Burglary is a "crime of violence" under state as well as federal law, Minn.Stat. § 624.712(5), so Glaser should have been advised about the 10-year firearms restriction — if that is what the new law creates. Minnesota did not enact a formal limitation corresponding to the notice; so far as the state's statutes are concerned, there is no penalty for possessing a firearm within 10 years of release. Nonetheless, the parties treat the amended § 609.165(1a) as establishing a substantive limitation, and we do likewise.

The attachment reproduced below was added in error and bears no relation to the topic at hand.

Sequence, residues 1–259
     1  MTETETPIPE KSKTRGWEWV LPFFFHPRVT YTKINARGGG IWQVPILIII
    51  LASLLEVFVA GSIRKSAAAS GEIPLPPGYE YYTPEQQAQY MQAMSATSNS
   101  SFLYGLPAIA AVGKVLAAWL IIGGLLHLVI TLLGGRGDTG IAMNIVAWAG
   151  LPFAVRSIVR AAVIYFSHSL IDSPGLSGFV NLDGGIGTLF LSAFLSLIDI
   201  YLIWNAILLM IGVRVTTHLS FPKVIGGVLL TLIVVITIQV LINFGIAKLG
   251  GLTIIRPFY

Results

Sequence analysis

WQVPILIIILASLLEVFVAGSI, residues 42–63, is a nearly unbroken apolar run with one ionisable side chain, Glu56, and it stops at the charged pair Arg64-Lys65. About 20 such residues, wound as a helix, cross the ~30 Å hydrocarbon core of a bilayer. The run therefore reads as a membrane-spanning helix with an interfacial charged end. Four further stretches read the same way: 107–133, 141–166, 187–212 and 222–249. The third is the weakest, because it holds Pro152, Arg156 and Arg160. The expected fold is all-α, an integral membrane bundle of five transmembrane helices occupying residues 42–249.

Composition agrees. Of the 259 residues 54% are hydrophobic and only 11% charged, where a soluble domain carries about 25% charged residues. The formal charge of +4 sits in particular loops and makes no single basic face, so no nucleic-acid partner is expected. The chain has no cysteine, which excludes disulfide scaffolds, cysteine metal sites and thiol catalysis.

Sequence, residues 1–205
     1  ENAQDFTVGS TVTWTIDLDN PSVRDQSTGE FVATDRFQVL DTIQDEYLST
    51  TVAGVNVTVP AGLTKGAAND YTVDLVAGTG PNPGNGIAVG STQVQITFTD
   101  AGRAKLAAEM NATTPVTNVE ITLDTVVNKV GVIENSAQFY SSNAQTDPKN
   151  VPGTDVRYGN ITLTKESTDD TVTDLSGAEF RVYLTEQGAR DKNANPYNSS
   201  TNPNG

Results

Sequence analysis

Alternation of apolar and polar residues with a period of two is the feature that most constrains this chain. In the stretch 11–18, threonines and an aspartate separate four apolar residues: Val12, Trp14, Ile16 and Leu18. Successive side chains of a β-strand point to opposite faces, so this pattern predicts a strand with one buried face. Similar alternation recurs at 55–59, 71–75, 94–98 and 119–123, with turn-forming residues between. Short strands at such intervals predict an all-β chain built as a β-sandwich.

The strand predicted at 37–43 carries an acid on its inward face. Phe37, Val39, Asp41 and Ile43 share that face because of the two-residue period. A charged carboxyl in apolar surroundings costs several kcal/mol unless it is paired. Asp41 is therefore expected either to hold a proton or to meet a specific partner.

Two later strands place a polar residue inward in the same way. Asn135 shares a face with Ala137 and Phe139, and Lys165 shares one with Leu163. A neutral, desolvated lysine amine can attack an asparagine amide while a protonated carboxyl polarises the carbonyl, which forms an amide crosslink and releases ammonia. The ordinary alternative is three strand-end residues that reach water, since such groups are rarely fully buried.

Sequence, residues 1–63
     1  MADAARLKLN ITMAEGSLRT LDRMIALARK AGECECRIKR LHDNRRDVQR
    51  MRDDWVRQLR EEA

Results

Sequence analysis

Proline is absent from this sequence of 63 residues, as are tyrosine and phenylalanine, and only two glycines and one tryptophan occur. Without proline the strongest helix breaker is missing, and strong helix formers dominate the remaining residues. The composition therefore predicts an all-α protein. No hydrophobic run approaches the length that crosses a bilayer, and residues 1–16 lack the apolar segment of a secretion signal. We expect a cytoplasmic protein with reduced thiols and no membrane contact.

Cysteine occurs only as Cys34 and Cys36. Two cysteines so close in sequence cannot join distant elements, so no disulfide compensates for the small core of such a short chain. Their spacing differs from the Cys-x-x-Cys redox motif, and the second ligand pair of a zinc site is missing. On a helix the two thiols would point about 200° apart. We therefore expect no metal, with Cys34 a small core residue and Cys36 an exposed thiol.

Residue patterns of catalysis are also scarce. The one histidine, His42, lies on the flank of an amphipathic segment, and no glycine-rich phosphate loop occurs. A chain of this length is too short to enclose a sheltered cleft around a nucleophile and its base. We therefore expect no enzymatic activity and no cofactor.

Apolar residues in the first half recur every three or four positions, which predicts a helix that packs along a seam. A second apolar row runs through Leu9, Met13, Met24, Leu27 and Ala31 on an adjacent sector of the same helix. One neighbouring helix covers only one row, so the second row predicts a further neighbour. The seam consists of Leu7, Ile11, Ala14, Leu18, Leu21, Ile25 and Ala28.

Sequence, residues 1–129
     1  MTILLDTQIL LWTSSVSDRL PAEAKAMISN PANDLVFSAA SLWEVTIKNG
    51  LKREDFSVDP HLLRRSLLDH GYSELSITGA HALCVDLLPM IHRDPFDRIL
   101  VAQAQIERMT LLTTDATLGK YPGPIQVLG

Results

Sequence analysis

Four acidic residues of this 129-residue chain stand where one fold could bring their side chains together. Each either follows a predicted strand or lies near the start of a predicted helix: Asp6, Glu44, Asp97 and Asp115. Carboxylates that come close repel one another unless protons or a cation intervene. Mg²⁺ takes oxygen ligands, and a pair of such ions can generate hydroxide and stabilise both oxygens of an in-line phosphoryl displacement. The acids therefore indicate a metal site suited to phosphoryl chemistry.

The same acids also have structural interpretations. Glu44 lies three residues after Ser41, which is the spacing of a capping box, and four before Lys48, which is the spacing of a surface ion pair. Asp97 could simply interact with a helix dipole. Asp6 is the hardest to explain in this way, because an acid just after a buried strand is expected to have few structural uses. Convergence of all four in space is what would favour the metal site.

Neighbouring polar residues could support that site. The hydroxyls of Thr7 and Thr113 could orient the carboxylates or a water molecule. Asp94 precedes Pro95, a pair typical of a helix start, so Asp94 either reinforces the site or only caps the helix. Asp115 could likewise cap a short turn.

Glaser's argument is straightforward. Each time Minnesota let him go, the state tendered a certificate restoring his civil rights. Neither certificate "expressly provides that [he] may not ship, transport, possess, or receive firearms." 18 U.S.C. § 921(a)(20). The district court did not stop here, however. It concluded that Minnesota statutes expressly limit felons' entitlement to possess guns — pistols when Glaser was released in 1986, all guns when he was set free in 1990 — and that these statutes are equivalent to notice in the certificate. Although the Supreme Court of Minnesota remarked in Moon that until § 609.165(1a) added the 10-year restriction in 1987 "federal law enforcement officials could . . . [not] enforce the federal firearms restriction against persons convicted of felonies in Minnesota who had been restored to civil rights", 463 N.W.2d at 519, a panel of the eighth circuit treated this as dictum and held that the pistol statute made Minnesota convictions available as predicate felonies under federal law, despite silence in certificates restoring civil rights. United States v. Ellis, 949 F.2d 952, 955 (8th Cir. 1991); see also United States v. Traxel, 914 F.2d 119 (8th Cir. 1990). Glaser contended that the eighth circuit's approach conflicts with Erwin; the district court responded: "I view the interpretation of the Minnesota statutes by the Eighth Circuit as binding on a district court in another circuit."